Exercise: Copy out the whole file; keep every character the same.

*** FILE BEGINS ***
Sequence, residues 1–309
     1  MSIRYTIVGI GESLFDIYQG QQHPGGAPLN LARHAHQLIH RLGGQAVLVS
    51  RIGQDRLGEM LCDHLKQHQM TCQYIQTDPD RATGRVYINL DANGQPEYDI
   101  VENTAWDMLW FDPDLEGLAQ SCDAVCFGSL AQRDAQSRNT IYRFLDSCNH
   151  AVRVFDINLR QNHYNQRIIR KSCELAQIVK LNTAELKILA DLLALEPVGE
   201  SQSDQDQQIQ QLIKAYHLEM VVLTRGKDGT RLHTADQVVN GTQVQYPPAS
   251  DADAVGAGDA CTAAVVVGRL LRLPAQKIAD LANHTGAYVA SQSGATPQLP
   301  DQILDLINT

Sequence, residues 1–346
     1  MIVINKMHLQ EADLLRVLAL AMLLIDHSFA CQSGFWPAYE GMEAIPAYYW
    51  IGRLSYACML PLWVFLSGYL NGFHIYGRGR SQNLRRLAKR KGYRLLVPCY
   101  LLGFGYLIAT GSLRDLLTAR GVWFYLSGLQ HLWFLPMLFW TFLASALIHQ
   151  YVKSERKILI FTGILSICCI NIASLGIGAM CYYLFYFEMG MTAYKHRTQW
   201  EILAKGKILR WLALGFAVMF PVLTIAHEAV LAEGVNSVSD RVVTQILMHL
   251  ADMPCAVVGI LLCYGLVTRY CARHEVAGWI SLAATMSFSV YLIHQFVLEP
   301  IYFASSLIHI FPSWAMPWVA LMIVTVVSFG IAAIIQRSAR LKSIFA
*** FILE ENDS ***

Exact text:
Sequence, residues 1–309
     1  MSIRYTIVGI GESLFDIYQG QQHPGGAPLN LARHAHQLIH RLGGQAVLVS
    51  RIGQDRLGEM LCDHLKQHQM TCQYIQTDPD RATGRVYINL DANGQPEYDI
   101  VENTAWDMLW FDPDLEGLAQ SCDAVCFGSL AQRDAQSRNT IYRFLDSCNH
   151  AVRVFDINLR QNHYNQRIIR KSCELAQIVK LNTAELKILA DLLALEPVGE
   201  SQSDQDQQIQ QLIKAYHLEM VVLTRGKDGT RLHTADQVVN GTQVQYPPAS
   251  DADAVGAGDA CTAAVVVGRL LRLPAQKIAD LANHTGAYVA SQSGATPQLP
   301  DQILDLINT

Sequence, residues 1–346
     1  MIVINKMHLQ EADLLRVLAL AMLLIDHSFA CQSGFWPAYE GMEAIPAYYW
    51  IGRLSYACML PLWVFLSGYL NGFHIYGRGR SQNLRRLAKR KGYRLLVPCY
   101  LLGFGYLIAT GSLRDLLTAR GVWFYLSGLQ HLWFLPMLFW TFLASALIHQ
   151  YVKSERKILI FTGILSICCI NIASLGIGAM CYYLFYFEMG MTAYKHRTQW
   201  EILAKGKILR WLALGFAVMF PVLTIAHEAV LAEGVNSVSD RVVTQILMHL
   251  ADMPCAVVGI LLCYGLVTRY CARHEVAGWI SLAATMSFSV YLIHQFVLEP
   301  IYFASSLIHI FPSWAMPWVA LMIVTVVSFG IAAIIQRSAR LKSIFA